It's absolutely no different than Golf or Racing or sport shooting, hunting, fishing. We consider those sports. These people use 'tools' to compete their sports, golf clubs and race cars, guns, fishing poles. Gamers do the same, they use their tool, the computer, to compete in their sport. I agree its not physical like the big 4 sports, but golfing, racing, shooting or fishing aren't really that physical either.
 

SirGCal

TS Maniac
It's absolutely no different than Golf or Racing or sport shooting, hunting, fishing. We consider those sports. These people use 'tools' to compete their sports, golf clubs and race cars, guns, fishing poles. Gamers do the same, they use their tool, the computer, to compete in their sport. I agree its not physical like the big 4 sports, but golfing, racing, shooting or fishing aren't really that physical either.
Someone who has obviously never raced. It is extremely physical and also a team sport. Golfing takes skill although I don't care for it myself, but to me it's a game, not a sport. Shooting I'm very good at and enjoy but also wouldn't go so far as call it a sport, but it's in the Olympics. Fishing... That's what I do for food and when I'm bored to Zen out. With the exception of open water sport fishing. That's physical as heck but I still wouldn't call it a 'sport' in direct context. But Racing is so very physical. Even more-so in longer racing circuits (Nascar Sprint Cup, Baja, etc.) Handling the G forces and staying focused after a few hundred miles isn't for the out of shape and making capable vehicles to take the abuse takes an impressive team work.

Still, I'll be ignoring anything with EA on it as I currently do. Plenty of other options in the gaming waters.
 
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indiangamer

TS Enthusiast
Not for me thanks, I'll stick with proper sports. Gaming to me is just a hobby and nice time waster.
If you are playing any "proper sport" professioanlly then only you can call gaming a hobby and time waster.
Just think if you aren't earning money for playing any sport then it is a time waster.
 

Skidmarksdeluxe

TS Evangelist
If you are playing any "proper sport" professioanlly then only you can call gaming a hobby and time waster.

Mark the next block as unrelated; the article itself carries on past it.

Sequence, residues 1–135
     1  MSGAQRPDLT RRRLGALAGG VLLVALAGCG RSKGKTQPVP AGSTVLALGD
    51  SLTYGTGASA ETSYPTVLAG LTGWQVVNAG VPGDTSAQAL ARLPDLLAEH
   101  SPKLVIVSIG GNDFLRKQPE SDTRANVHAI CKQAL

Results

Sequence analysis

Just think if you aren't earning money for playing any sport then it is a time waster.
You don't have to earn money playing sports, in fact most people play for fun, games too. Professional video game playing shouldn't be listed as a sport as I alluded to in an earlier post, it should be an art.
 

Nobina

RTX 2080 Ti and iPhone XS MAX 512GB
Even these popular eSports games like CS:GO and LoL are buggy as hell. CS is random as hell and it has a lot of glitches especially as of late and LoL is famous for it's sphagetti code. They had to ban a couple of meta champions in their biggest tournament cause they broke the game in certain situations and it was unfixable.

Now imagine EA coming in all of this.
 

wastedkill

TS Evangelist
Even these popular eSports games like CS:GO and LoL are buggy as hell. CS is random as hell and it has a lot of glitches especially as of late and LoL is famous for it's sphagetti code. They had to ban a couple of meta champions in their biggest tournament cause they broke the game in certain situations and it was unfixable.

Now imagine EA coming in all of this.
half the esports tournys will just be "Error connecting to server", "You are banned by punkbuster for 99999Minutes", "Game has crashed"
 
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Skidmarksdeluxe

TS Evangelist
It's absolutely no different than Golf or Racing or sport shooting, hunting, fishing. We consider those sports. These people use 'tools' to compete their sports, golf clubs and race cars, guns, fishing poles. Gamers do the same, they use their tool, the computer, to compete in their sport. I agree its not physical like the big 4 sports, but golfing, racing, shooting or fishing aren't really that physical either.
Playing video games is not a sport, it's entertainment, and should be categorized as such.
 
R

RustyTech

It's absolutely no different than Golf or Racing or sport shooting, hunting, fishing. We consider those sports. These people use 'tools' to compete their sports, golf clubs and race cars, guns, fishing poles. Gamers do the same, they use their tool, the computer, to compete in their sport. I agree its not physical like the big 4 sports, but golfing, racing, shooting or fishing aren't really that physical either.
You made me laugh! If sitting on a chair playing a game is exactly the same as playing real life sport, then you got a warped sense of reality.
Did you grow up playing nothing but computer games? Ever played sports at school at least?